It’s a piece of history that a lot of Albertans are not entirely well-versed on: on September 22, 1877, 139 years ago, the British crown signed a treaty with the Tsuu T’ina, Kainai, Piikani, Siksika, Bearspaw, Chiniki, and Wesley Nations to sort out claims over the very land that Calgary sits on now. The resulting agreement, Treaty 7, is considered one of the most important documents to ever be signed in the history of southern Alberta, but few of us give it much thought.
Most Canadian learned something about the First Nations land treaties in school, but textbooks never tell the whole story. Which is why the Making Treaty 7 Cultural Society formed to develop and preform Making Treaty 7, a theatre show that combines elements of storytelling, song, drama, and dance to create a narrative about what led up to the Treaty and how it continues to affect all Albertans, whether they’re of Native descent or not.
“A lot of people don’t know the history. It’s new information,” says Troy Emery Twigg, Making Treaty 7‘s Artistic Director. “When they think ‘treaty’ they think it’s a First Nations thing. But we are all Treaty people.”
The show was conceived by the late Michael Green when he was working as the creative director of Calgary 2012 and wanted to include meaningful contributions from First Nations people – through workshopping with First Nations elders and both Native and non-Native artists, the show came together as a collaboration, and that spirit still stands. When Green and his Making Treaty 7 collaborator Narcisse Blood were killed in a car accident in 2015 Making Treaty 7 suffered a traumatic loss, but the show has continued, with the flexible format allowing it to make way for new performers and perspectives.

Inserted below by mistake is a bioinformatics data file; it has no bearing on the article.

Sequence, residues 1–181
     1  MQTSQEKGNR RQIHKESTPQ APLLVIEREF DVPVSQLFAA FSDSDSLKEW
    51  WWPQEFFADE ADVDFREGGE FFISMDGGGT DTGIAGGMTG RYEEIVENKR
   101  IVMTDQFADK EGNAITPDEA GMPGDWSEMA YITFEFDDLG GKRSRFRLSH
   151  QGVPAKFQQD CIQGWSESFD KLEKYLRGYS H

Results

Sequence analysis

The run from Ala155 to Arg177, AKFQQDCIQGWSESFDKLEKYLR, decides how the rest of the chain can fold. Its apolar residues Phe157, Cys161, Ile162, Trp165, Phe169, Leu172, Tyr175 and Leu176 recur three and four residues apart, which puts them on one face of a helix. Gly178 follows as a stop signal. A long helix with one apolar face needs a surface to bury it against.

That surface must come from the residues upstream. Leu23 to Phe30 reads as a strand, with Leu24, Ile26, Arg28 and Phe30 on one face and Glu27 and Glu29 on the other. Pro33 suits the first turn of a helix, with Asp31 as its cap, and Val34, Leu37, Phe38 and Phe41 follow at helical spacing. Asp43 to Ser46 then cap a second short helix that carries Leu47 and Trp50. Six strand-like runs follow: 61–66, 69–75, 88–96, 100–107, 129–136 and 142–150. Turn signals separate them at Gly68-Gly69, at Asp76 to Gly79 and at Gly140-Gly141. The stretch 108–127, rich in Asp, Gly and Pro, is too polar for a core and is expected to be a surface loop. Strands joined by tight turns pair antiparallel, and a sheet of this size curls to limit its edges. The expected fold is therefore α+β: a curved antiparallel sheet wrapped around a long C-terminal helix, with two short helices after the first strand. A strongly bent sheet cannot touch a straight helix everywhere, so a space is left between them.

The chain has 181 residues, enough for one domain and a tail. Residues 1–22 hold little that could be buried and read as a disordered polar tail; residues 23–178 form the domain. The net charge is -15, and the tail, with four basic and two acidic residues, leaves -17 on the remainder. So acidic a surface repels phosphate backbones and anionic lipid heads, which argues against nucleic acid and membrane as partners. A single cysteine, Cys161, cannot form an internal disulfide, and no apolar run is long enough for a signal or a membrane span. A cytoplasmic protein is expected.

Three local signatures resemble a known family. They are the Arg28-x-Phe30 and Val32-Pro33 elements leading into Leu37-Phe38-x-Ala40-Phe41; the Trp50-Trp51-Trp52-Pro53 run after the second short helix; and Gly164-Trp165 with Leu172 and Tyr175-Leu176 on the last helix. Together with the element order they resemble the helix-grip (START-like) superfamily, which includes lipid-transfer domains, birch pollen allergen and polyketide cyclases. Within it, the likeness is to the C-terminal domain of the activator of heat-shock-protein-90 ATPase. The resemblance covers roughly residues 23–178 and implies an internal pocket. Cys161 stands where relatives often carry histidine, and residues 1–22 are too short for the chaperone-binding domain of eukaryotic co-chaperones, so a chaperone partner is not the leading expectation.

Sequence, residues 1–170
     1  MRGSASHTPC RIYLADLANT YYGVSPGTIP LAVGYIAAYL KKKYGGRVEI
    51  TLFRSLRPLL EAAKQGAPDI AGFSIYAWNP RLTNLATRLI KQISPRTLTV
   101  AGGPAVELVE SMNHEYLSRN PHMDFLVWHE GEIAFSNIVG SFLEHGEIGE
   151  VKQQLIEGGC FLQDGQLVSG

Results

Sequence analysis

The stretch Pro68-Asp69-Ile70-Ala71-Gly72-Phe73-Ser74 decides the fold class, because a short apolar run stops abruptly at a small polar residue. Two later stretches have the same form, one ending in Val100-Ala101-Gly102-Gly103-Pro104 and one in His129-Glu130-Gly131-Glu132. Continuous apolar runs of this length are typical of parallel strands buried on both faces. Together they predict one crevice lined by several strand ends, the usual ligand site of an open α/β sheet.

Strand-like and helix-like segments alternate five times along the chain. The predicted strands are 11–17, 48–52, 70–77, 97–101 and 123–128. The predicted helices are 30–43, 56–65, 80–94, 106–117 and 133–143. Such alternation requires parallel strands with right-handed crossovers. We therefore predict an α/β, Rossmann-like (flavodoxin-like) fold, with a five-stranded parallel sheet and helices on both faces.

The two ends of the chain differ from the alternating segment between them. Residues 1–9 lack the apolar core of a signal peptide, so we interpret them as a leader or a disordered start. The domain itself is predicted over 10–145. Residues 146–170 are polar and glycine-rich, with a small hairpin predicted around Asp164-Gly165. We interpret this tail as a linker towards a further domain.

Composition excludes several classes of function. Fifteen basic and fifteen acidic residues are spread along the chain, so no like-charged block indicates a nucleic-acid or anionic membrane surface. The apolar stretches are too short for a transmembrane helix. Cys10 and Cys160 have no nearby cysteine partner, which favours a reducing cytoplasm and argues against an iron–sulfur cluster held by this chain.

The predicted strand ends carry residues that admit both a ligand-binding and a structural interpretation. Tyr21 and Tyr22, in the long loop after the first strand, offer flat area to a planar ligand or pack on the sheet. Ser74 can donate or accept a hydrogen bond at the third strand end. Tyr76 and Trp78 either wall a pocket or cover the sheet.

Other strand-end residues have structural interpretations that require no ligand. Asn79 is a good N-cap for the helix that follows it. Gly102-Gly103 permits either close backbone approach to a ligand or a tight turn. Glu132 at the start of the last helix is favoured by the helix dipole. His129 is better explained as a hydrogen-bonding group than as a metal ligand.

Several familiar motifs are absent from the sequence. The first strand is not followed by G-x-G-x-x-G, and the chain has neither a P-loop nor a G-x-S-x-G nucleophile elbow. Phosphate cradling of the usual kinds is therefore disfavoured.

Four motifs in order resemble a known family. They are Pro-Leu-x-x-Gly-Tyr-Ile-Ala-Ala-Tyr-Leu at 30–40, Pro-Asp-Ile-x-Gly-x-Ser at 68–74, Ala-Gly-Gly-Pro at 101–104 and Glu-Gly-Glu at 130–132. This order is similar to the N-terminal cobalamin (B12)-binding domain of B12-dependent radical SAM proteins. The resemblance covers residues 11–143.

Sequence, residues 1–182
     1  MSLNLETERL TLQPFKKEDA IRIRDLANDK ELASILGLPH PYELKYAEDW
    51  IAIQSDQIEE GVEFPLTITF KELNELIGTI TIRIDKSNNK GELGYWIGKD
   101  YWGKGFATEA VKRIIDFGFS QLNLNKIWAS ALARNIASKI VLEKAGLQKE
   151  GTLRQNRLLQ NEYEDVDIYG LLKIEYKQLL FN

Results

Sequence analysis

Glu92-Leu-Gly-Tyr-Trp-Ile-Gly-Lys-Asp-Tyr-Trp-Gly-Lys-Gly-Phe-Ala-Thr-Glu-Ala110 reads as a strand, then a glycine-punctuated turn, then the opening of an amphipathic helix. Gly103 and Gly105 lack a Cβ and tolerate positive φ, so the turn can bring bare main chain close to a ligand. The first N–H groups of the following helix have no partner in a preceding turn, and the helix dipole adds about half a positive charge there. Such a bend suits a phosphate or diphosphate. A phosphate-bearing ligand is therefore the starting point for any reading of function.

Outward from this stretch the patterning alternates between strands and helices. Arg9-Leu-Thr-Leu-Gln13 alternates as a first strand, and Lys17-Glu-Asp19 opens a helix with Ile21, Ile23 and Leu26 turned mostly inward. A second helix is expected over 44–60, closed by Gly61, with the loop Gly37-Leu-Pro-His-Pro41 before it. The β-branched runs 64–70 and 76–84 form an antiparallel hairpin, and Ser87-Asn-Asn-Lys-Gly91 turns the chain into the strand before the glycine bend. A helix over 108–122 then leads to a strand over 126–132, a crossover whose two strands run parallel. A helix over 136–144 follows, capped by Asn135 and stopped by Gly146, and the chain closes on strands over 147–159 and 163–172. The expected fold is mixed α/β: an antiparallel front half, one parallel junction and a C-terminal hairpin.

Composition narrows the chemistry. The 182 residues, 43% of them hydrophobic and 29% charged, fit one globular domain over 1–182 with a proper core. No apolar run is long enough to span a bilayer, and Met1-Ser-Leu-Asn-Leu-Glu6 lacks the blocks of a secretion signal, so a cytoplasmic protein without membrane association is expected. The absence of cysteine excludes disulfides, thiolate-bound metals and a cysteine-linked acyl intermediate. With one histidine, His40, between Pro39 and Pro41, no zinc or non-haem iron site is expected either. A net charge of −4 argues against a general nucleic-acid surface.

This year’s performances take place at the Grey Eagle Resort and Casino from September 28 to 30 (with a gala dinner on September 29) and will feature a slightly scaled-down show with a mix of new performers as well as Making Treaty 7 veterans like Kris Demeanor and Michelle Thrush. The show has been compacted a bit so that the company can produce a version that will be easier to tour to different parts of Canada, including a special performance as part of Canada’s 150th birthday celebrations. A version of the show aimed at younger audiences has also been developed for schools.
But for now, the impact that the show has had on Calgarians who have been lucky enough to see it has been palpable. Audience members often describe the show as “life changing” and many Calgarians have noticed more and more public gatherings are starting an acknowledgement that they’re being held on Treaty 7 land – something that was not nearly as common an occurrence only a few years ago. The show may only be impacting one audience at a time, but it is gradually meeting its mandate to create a sense of understanding among the people sharing this land.
“It’s transformative,” Twigg says. “The project is about creating that space of mutual respect and learning how to co-exist. When the Chiefs signed the treaty it wasn’t a surrender of land, it was an agreement to live on the land together.”
Making Treaty 7 runs from September 28-30 at the Grey Eagle Resort and Casino (3777 Grey Eagle Dr.). Tickets are available through greyeagleresortandcasino.ca, 1-866-943-8849 or at the Grey Eagle box office.